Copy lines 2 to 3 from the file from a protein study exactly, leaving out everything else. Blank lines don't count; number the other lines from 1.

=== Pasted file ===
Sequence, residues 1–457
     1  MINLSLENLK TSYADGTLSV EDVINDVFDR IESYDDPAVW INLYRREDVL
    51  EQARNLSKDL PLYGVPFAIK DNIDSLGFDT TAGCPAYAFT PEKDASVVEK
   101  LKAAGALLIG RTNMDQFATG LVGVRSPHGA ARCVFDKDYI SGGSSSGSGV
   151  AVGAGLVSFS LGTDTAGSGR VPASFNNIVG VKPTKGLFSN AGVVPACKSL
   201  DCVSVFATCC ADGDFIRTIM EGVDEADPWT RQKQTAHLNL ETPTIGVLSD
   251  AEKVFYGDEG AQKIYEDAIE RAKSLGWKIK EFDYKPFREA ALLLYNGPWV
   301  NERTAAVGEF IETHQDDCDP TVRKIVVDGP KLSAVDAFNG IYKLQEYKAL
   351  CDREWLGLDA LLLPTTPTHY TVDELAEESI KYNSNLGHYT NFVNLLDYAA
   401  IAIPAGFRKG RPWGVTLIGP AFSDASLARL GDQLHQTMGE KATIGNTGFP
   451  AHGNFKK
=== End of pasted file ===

     1  MINLSLENLK TSYADGTLSV EDVINDVFDR IESYDDPAVW INLYRREDVL
    51  EQARNLSKDL PLYGVPFAIK DNIDSLGFDT TAGCPAYAFT PEKDASVVEK